Editor’s note: Sacramento County’s leadership is in transition as the COVID-19 pandemic peaks
We’re heading into a long, dark winter of COVID-19. So could the timing be any worse for disarray in the top ranks of Sacramento County?
County CEO Nav Gill is under investigation after top public health officials called for his firing, accusing him of creating “a toxic culture rife with sexism, intimidation, racism, and a blatant disregard for public health.” His most prominent accuser is Olivia Kasirye, the county’s public health officer.
And county Health Services Director Peter Beilenson is leaving after coordinating the coronavirus response, but also after facing criticism, most recently for using a racially insensitive description of Asian Americans during a public meeting.
Supervisor Patrick Kennedy says he’s very concerned about the virus spreading even faster during the holidays, but he doesn’t sound as worried about the leadership situation.
In a Nov. 17 closed session, Kennedy joined Phil Serna and Don Nottoli in a 3-2 majority to express “no confidence” in Gill and make that public. Kennedy, who along with Serna called in October for Gill to resign, told me there was also a vote on firing Gill, but there were not the four votes required.
The Board of Supervisors did vote 5-0 to put Gill on paid administrative leave during the investigation. And on Nov. 30, supervisors appointed Ann Edwards, director of the county’s Department of Human Assistance as acting county executive, the first woman to hold that job.
Kennedy said with her deep experience and level-headed personality make, Edwards is better suited than Gill to lead the county through what appears to be the worst of the pandemic.
He said the investigation of Gill, county executive since January 2016, is expected to take until late December or early January. Once it’s complete, Kennedy said he will push for another vote on termination. On Jan. 4, Rich Desmond will be sworn in to replace Susan Peters, which Kennedy said “could change the dynamic” on Gill’s future.
Kennedy said he has “a great deal of faith” in Gill’s accusers, who are “trusted and experienced” professionals who came forward despite the risk to their own careers.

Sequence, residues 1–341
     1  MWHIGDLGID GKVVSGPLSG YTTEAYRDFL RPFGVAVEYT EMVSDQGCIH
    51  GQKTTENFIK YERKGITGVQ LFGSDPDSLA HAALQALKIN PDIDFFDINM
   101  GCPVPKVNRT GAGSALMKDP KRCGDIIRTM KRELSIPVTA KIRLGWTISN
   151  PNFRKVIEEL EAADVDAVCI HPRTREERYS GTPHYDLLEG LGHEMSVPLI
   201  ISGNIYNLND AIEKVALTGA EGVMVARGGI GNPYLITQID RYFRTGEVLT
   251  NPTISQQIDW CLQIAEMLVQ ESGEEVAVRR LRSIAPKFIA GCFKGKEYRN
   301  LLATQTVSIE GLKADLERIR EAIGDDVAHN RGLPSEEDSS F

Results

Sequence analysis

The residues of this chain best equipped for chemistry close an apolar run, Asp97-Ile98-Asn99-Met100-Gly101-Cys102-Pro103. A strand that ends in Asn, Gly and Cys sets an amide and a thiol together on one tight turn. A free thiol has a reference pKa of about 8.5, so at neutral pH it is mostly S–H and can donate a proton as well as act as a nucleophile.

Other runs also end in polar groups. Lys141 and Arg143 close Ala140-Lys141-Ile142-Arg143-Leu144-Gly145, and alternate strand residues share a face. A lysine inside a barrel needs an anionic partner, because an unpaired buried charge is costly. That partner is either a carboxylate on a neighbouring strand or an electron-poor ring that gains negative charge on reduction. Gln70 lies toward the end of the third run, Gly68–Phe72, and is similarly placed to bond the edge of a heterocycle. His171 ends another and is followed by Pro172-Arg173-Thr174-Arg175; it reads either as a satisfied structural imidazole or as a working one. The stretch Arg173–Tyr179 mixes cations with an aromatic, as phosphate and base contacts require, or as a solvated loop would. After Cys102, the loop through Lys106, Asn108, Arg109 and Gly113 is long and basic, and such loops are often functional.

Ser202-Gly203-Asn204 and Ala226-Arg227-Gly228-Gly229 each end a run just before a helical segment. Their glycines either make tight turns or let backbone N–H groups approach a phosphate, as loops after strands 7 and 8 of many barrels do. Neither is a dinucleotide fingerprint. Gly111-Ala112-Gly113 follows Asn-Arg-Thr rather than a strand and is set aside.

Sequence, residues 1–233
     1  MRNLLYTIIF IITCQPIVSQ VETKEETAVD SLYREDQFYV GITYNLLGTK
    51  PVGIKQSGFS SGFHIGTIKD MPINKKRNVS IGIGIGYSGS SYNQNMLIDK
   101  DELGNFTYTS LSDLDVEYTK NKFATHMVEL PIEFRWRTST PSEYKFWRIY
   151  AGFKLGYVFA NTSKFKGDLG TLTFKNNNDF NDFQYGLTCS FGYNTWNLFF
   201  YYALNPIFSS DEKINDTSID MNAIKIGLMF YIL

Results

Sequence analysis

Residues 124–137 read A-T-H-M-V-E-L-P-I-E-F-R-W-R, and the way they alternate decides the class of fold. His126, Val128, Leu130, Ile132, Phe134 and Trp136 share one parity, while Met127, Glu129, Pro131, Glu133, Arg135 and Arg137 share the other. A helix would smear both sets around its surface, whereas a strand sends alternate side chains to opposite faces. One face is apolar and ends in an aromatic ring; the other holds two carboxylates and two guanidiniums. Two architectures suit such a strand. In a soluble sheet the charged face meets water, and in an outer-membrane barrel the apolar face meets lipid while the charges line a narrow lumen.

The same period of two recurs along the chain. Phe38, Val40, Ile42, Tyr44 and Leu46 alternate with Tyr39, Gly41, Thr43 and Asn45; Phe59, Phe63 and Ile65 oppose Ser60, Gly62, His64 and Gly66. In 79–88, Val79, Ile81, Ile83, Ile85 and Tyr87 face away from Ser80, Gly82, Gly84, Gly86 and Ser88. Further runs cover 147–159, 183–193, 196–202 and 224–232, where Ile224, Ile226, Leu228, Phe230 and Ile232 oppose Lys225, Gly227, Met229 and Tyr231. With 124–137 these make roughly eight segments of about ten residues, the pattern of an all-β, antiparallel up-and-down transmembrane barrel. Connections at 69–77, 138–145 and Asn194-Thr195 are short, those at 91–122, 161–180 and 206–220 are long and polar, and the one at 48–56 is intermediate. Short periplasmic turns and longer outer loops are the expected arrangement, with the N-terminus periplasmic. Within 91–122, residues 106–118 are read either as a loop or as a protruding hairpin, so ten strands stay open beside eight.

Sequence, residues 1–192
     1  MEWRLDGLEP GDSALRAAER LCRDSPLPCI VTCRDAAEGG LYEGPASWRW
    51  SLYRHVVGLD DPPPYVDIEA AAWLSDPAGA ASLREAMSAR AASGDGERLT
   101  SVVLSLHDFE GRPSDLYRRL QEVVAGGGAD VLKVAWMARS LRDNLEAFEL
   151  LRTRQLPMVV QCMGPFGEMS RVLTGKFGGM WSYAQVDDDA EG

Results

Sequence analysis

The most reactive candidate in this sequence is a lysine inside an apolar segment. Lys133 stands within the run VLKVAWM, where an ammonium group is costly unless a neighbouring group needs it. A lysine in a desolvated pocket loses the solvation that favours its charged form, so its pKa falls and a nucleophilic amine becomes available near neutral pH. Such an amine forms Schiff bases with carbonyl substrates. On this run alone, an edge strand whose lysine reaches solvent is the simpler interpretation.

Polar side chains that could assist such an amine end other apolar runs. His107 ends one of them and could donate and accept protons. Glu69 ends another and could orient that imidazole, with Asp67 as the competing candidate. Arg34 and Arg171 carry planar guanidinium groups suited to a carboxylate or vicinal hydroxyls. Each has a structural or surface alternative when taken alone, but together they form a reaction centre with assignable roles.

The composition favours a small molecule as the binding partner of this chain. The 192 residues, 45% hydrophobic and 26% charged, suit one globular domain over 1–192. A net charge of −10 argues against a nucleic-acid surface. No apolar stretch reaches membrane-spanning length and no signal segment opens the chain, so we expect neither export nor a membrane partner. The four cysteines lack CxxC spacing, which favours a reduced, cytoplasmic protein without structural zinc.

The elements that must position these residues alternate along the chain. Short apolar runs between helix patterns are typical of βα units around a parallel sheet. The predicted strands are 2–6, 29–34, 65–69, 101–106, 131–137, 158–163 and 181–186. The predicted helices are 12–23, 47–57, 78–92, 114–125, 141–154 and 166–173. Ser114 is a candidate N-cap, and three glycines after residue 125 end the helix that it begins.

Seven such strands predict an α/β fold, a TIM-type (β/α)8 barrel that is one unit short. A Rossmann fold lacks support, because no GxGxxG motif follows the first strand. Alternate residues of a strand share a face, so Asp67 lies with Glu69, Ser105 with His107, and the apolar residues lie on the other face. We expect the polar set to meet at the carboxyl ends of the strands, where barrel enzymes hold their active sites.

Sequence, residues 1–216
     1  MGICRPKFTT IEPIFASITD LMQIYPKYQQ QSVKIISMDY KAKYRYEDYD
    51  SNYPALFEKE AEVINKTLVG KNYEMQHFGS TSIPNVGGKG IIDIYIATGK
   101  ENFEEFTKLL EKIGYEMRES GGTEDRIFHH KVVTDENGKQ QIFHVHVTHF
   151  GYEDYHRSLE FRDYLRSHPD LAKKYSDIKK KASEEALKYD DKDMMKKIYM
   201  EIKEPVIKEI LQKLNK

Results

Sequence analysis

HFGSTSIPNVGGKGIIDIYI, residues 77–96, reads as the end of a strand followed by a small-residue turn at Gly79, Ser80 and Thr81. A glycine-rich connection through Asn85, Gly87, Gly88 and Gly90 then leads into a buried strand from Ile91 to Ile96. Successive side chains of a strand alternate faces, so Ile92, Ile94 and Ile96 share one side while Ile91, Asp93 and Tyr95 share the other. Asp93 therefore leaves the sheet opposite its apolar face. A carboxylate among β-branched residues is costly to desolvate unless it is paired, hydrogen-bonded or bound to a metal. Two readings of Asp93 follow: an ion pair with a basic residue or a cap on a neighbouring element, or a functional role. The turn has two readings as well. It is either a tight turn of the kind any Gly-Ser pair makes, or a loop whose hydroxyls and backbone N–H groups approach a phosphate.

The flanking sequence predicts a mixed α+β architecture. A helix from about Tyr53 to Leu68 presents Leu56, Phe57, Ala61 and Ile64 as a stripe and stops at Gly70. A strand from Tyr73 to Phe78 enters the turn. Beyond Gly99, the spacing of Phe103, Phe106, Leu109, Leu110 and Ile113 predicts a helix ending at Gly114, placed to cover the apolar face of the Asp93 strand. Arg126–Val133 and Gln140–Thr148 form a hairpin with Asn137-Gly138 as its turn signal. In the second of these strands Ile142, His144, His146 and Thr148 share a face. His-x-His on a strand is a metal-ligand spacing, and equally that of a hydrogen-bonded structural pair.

Kasirye and the others sent a letter to supervisors on Nov. 10 with their accusations. Gill was already under scrutiny for using most of the county’s $181 million share of federal coronarivus relief money to pay the salaries of Sheriff’s Office and other employees and to avoid budget cuts. Then on Oct. 15, Gill held a meeting where some of the 40 department heads and other officials did not wear masks. One later tested positive and several had to go into quarantine.
Meanwhile, Beilenson disclosed on Dec. 2 that he’s resigning effective Dec. 22, citing family emergencies in Baltimore, where he had been a top health official before accepting the county job in 2018. He had also previously been accused of bullying public health staff. Then on Nov. 17, speaking in support of a resolution declaring racism a public health crisis, he said, “It’s a crucial thing we need to be doing to address the issues of the African-American, and brown, and yellow folks, as well as the white folks.”
Beilenson apologized, telling CapRadio that it was “a significant mistake” and that he “obviously should have said ‘Asian American.’”
UPDATE: At the Dec. 8 meeting, community advocacy groups urged supervisors to promote Kasirye to replace Beilenson, saying that the county needs people of color in leadership and her perspective as the COVID-19 pandemic has a disproportionate impact on Black and Brown communities.
Edwards, the acting CEO, will make the appointment, with input from supervisors.
All this controversy comes at one of the most dangerous times since the pandemic began in March. As of Dec. 1, Sacramento County was averaging 24.4 new cases a day per 100,000 people, its highest rate so far and six times the rate on Oct. 20. On Nov. 30, it recorded 1,115 new cases, the most ever. And on Dec. 3, the county passed 40,000 total cases and 600 deaths.
Also on Dec. 3, Gov. Gavin Newsom announced that the Sacramento region is among five in California expected to soon go into a new stay-at-home order when ICU capacity falls below 15%. For at least three weeks, bars, barbershops and salons will be closed temporarily. Restaurants will only be open for takeout and delivery.
The county desperately needs smart and unified leadership to get this surge under control and get out from the lockdown that is devastating small businesses. Instead, it has uncertainty.
But hey, at least so far, Sacramento hasn’t had elected officials hypocritically flouting public health rules they imposed on the public. Looking at you Gov. Newsom, Los Angeles County Supervisor Sheila Kuehl and Mayors London Breed of San Francisco and Sam Liccardo of San Jose.